Parents plan to drop billions on school necessities at retailers this month, but coronavirus has overhauled the back-to-school shopping cart

  • Back-to-school and back-to-college shopping is set to start soon, even as decisions on how and where students will be taught remain undecided due to the pandemic.
  • Professional services firm Deloitte ran two surveys to glean insight from parents of both college kids and K-12 students.
  • Deloitte found that spending for both school supplies and college necessities is set to remain flat in 2020, with an increase in technology products and a dip in other categories like apparel.
  • The largest retailers are set to continue to dominate back-to-school and back-to-college spending, but online-only outfits also have an edge thanks to the pandemic.
  • In-store safety and convenience are also a larger concern for parents this year.
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Back-to-school and back-to-college shopping will look a bit different this year, thanks to the coronavirus pandemic.

Dual surveys from Deloitte found that parents in both consumer categories continue to favour retail giants and deals on products, with spending estimated to remain relatively flat compared with purchasing trends in 2019. However, the two reports from Deloitte also found that the coronavirus pandemic has had an impact on back-to-school and back-to-college shopping, sparking a spike in safety concerns and bolstering a growing preference for online-only and e-commerce options.

For its college report, Deloitte ran a survey between May 31 and June 17 polling 1,025 parents of college-aged children. The global professional services firm also conducted an online survey with 1,200 parents with children attending grades K to 12.

Deloitte found that parents of college students will spend around $US25.4 billion this year, while parents with children in grades K-12 will spend $US28.1 billion. The parents of college students are set to drop an estimated average of $US1,345 on back-to-college supplies, while K-12 parents will spend around $US529 on back-to-school items.

Financial struggles brought about by the coronavirus have not had a universal impact on back-to-college spending, according to Deloitte. Back-to-college spending spiked 6% for high-income parents during the coronavirus, while it dropped 12% for middle-income parents and 4% for low-income parents. Around 40% of respondents said that concerns over finances were causing them to “rethink plans” regarding their child’s college.

Across the board, the retail giants are slated to continue to dominate both the back-to-school and back-to-college categories. The biggest retailers in the United States have long succeeded in these annual summer sales, thanks to their penchant for value and convenience. That being said, the coronavirus pandemic is also driving wins for e-commerce players.

Three-quarters of all respondents to Deloitte’s survey said they planned to visit “mass merchant stores” to shop for college necessities, as well as 81% of K-12 parents. Online-only options also saw success with both consumer groups, snagging 58% of parents with college-aged kids and 44% of parents of elementary, middle, and high school-aged children.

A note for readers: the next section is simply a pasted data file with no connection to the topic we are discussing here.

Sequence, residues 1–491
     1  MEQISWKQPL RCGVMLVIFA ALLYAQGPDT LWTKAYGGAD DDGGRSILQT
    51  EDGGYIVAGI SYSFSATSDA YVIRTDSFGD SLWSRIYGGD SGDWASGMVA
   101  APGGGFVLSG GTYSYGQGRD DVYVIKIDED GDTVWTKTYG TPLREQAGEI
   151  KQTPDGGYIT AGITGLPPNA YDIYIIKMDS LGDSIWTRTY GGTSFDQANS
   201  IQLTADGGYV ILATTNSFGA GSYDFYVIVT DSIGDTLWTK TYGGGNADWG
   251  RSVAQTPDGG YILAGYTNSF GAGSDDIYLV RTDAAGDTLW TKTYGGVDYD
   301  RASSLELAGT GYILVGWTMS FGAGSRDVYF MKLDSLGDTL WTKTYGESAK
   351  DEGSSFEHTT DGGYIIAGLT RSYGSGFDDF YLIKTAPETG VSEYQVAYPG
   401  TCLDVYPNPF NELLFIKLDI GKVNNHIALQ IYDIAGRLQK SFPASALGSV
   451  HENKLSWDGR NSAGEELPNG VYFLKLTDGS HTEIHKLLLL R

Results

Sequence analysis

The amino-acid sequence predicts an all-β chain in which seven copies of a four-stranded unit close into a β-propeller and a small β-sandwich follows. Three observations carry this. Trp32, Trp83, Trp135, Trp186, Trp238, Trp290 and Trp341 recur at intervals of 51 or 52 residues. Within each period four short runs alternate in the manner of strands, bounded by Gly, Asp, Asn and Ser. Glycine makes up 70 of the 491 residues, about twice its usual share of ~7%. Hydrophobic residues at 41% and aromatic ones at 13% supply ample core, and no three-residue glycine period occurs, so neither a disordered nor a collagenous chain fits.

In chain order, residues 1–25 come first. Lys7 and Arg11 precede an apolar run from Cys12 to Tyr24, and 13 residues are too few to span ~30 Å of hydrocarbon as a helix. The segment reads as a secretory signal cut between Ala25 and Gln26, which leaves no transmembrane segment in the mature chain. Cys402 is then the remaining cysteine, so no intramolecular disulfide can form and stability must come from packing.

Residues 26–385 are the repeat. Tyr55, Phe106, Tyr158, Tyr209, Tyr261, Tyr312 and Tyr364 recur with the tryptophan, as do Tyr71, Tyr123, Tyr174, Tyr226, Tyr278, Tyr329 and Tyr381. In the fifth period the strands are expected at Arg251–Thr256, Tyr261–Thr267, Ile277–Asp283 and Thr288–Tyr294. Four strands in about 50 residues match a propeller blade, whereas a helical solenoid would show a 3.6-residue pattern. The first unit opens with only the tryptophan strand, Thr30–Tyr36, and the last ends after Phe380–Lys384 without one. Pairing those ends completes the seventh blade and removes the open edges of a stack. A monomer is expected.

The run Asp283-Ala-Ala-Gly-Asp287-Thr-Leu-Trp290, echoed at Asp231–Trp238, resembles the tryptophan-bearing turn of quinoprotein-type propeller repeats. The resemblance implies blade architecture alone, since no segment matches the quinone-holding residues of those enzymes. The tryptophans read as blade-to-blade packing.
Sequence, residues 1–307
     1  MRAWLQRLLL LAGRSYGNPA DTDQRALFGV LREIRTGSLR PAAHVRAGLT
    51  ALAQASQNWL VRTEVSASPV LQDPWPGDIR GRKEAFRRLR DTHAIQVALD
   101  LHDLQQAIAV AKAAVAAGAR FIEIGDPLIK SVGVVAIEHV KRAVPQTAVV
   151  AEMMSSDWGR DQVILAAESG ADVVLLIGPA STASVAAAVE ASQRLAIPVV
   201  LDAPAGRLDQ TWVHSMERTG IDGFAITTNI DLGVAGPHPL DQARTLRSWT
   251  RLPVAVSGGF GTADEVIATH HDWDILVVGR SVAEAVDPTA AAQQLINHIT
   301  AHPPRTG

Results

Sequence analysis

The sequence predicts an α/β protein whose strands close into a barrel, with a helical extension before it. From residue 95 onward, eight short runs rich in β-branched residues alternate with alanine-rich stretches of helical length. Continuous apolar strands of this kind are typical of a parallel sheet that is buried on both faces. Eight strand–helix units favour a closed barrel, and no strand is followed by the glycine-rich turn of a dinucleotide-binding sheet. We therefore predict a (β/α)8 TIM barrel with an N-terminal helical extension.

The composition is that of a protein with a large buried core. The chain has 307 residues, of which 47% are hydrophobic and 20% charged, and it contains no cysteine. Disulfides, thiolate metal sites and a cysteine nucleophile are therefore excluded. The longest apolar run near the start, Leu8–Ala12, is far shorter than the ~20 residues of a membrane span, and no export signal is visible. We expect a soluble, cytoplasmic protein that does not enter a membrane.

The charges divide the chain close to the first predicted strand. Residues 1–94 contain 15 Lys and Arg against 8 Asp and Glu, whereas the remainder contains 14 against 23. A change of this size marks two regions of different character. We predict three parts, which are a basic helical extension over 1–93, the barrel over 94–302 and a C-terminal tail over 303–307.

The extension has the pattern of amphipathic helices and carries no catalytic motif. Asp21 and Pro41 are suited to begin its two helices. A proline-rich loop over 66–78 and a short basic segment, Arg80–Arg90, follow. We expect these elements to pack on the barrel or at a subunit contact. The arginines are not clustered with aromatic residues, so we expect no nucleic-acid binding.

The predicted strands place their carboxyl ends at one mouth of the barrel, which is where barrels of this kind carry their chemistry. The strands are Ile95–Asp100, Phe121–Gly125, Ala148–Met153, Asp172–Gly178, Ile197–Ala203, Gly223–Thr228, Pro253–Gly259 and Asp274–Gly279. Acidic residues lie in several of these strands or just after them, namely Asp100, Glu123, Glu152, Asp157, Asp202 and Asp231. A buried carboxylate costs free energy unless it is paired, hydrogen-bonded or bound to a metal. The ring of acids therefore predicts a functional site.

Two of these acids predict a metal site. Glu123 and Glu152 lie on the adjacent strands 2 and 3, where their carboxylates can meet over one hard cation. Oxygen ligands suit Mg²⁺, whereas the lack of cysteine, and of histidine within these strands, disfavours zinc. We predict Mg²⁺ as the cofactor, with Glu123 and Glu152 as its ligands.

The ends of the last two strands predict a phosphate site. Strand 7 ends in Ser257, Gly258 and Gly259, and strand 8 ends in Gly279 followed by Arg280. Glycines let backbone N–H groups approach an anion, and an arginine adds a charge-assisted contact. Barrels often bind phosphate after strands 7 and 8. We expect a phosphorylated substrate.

The bulk of back-to-college and back-to-school buying is still on the horizon, according to the Deloitte survey. It found that 75% of back-to-college purchases will be made starting only in the last two weeks of July. A total of 56% of back-to-college shoppers said they planned to shop then, while 68% are aiming for the first two weeks of August. Deloitte estimated that those consumers plan to spend a total of $US14.8 billion.

For the parents of younger kids, 54% of shoppers will start filling their baskets in the last two weeks of July, and 62% will do the same in the first two weeks of August. Those consumers are slated to spend $US16.2 billion.

The trend of waiting until late July to buy school supplies and college necessities is a holdover from previous years. But given the uncertainty around college reopenings and the pandemic’s impact on the economy, those numbers are not set in stone. Parents of K-12 students in particular “remain unsure as they await news from schools about reopening,” according to Deloitte’s survey.

For back-to-school shoppers, COVID-19-related retail safety measures is an important consideration for 34% of shoppers. In comparison, 58% of survey participants said that sales were a crucial factor.

The pandemic is likely also driving a boost in online sales. Deloitte found that parents of K-12 kids plan to spend around $US10.4 billion shopping online this year, compared with $US8.1 billion last year. Meanwhile, 34% of respondents in the back-to-college survey said they expected to spend more of their back-to-college budget on e-commerce options, a 6% increase from 2019.